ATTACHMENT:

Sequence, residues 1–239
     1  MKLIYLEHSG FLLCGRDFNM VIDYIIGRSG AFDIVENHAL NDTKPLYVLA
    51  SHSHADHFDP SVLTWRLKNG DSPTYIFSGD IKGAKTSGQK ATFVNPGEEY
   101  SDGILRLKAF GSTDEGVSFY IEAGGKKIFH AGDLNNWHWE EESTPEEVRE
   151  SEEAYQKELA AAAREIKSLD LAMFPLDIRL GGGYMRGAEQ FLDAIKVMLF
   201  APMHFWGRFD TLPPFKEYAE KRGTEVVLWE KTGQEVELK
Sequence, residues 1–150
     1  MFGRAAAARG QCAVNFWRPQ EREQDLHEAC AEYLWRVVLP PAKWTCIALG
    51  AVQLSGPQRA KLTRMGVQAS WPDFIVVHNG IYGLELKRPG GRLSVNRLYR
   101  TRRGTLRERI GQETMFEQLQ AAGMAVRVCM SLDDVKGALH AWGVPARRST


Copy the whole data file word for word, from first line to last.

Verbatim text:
Sequence, residues 1–239
     1  MKLIYLEHSG FLLCGRDFNM VIDYIIGRSG AFDIVENHAL NDTKPLYVLA
    51  SHSHADHFDP SVLTWRLKNG DSPTYIFSGD IKGAKTSGQK ATFVNPGEEY
   101  SDGILRLKAF GSTDEGVSFY IEAGGKKIFH AGDLNNWHWE EESTPEEVRE
   151  SEEAYQKELA AAAREIKSLD LAMFPLDIRL GGGYMRGAEQ FLDAIKVMLF
   201  APMHFWGRFD TLPPFKEYAE KRGTEVVLWE KTGQEVELK
Sequence, residues 1–150
     1  MFGRAAAARG QCAVNFWRPQ EREQDLHEAC AEYLWRVVLP PAKWTCIALG
    51  AVQLSGPQRA KLTRMGVQAS WPDFIVVHNG IYGLELKRPG GRLSVNRLYR
   101  TRRGTLRERI GQETMFEQLQ AAGMAVRVCM SLDDVKGALH AWGVPARRST